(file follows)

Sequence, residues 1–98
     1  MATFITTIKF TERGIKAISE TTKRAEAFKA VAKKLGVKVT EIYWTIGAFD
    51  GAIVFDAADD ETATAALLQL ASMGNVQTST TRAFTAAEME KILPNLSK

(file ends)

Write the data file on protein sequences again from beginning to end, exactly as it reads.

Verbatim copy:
Sequence, residues 1–98
     1  MATFITTIKF TERGIKAISE TTKRAEAFKA VAKKLGVKVT EIYWTIGAFD
    51  GAIVFDAADD ETATAALLQL ASMGNVQTST TRAFTAAEME KILPNLSK